A 1921 Picture Play magazine article says the meeting mentioned above took place in the summer of 1916. Terry told Ingram biographer Liam O'Leary that the couple's first meeting was in 1917 when the director was making a picture with Henry B. Walthall (probably "Humdrum Brown"). She said she played an extra for two or three days, and Ingram left for Canada to join the Royal Flying Corps and do his part in the World War.

Ingram was only in the Corps for the last three months of 1918. One report says that as a flying instructor he was involved in a serious crash in which the metal of a propeller entered his lung. Although the army has no record of such a crash, it is a fact that he came back from service very ill and without a job. Also, a first marriage in 1917 had come to an end.

But he had not forgotten Alice. He called her one day to pose for a sculpture (Ingram had attended art school in Ireland and was an accomplished sculptor). According to Ingram, "When I came back ill, and couldn't get a job, Alice used to come to the studio I shared with another amateur sculptor and talk to me and pose for me. I did two heads of her."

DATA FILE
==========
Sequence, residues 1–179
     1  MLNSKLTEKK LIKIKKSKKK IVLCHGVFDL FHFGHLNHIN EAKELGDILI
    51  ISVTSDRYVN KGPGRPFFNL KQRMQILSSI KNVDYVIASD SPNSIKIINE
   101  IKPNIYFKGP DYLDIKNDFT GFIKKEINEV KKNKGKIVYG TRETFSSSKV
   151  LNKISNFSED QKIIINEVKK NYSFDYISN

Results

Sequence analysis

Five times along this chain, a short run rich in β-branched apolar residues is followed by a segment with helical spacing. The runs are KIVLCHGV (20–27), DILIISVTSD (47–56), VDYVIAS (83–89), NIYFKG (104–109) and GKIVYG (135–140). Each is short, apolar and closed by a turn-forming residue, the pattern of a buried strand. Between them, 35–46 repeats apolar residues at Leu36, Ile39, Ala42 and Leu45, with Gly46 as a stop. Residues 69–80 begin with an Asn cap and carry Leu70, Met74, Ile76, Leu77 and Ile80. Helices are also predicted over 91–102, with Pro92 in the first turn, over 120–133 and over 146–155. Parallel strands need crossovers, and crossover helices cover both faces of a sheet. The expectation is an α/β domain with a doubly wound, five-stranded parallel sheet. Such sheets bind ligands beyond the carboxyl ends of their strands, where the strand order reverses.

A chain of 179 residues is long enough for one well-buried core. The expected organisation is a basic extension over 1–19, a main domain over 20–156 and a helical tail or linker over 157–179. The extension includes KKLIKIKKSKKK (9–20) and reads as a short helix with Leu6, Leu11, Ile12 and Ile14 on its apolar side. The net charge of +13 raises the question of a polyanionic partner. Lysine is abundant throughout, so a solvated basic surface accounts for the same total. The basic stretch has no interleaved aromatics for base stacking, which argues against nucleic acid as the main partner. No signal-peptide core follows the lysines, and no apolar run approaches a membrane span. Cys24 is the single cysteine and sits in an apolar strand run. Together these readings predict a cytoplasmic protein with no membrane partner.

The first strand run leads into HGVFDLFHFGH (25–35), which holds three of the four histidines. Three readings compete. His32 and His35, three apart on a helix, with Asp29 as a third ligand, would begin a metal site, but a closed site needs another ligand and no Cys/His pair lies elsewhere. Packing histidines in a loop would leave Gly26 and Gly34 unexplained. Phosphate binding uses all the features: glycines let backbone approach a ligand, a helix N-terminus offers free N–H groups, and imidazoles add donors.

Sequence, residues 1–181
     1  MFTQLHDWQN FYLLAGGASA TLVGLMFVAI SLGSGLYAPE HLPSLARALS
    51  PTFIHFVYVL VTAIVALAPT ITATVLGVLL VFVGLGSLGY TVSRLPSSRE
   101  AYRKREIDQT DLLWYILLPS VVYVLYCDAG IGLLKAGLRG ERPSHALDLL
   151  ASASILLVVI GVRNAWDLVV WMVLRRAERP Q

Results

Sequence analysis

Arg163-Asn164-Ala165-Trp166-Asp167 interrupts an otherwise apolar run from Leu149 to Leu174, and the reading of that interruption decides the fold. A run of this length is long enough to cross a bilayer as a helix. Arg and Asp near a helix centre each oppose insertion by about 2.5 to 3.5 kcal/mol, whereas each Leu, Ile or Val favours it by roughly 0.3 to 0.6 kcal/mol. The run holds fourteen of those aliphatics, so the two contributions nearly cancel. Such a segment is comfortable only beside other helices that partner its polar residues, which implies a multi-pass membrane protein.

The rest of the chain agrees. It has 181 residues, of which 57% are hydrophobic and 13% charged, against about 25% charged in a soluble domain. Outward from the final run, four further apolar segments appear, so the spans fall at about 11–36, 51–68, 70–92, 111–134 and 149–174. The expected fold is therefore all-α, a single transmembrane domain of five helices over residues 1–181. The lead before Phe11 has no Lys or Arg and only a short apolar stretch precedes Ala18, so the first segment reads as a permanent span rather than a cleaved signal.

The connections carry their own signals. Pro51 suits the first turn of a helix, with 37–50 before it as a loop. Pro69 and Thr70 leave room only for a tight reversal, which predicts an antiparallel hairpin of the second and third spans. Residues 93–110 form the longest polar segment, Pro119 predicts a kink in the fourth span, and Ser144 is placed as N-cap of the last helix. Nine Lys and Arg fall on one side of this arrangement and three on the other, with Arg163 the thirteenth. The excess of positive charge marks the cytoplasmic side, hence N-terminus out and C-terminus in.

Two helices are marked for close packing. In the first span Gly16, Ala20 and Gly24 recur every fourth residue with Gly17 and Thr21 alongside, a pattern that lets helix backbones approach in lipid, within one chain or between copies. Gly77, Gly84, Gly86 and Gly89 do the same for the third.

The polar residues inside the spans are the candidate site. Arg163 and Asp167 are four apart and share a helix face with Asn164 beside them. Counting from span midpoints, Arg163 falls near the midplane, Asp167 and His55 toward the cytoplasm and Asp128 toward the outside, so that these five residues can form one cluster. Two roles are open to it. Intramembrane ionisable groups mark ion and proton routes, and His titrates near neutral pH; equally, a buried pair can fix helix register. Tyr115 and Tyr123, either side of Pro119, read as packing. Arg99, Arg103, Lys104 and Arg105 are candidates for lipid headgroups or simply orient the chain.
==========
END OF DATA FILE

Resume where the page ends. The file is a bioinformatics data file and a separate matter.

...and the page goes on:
Then, for some unknown reason, they didn't see each other for a matter of months. In the meantime, Ingram had gotten work with Metro, and, again, he thought of Alice. Whether Ingram requested her or not is unknown, but Alice received a call to do extra work in a picture he was directing. According to Terry, "He spoke very harshly to me, and I started to cry and I walked off the set and refused to go back. The next morning, Rex called for me himself and apologized and said to come back and that soon he was going to change studios and he would have a part for me."

O'Leary points out , "It was clear that Rex was deeply attracted to Alice at this stage," and, it turns out, the feeling was mutual.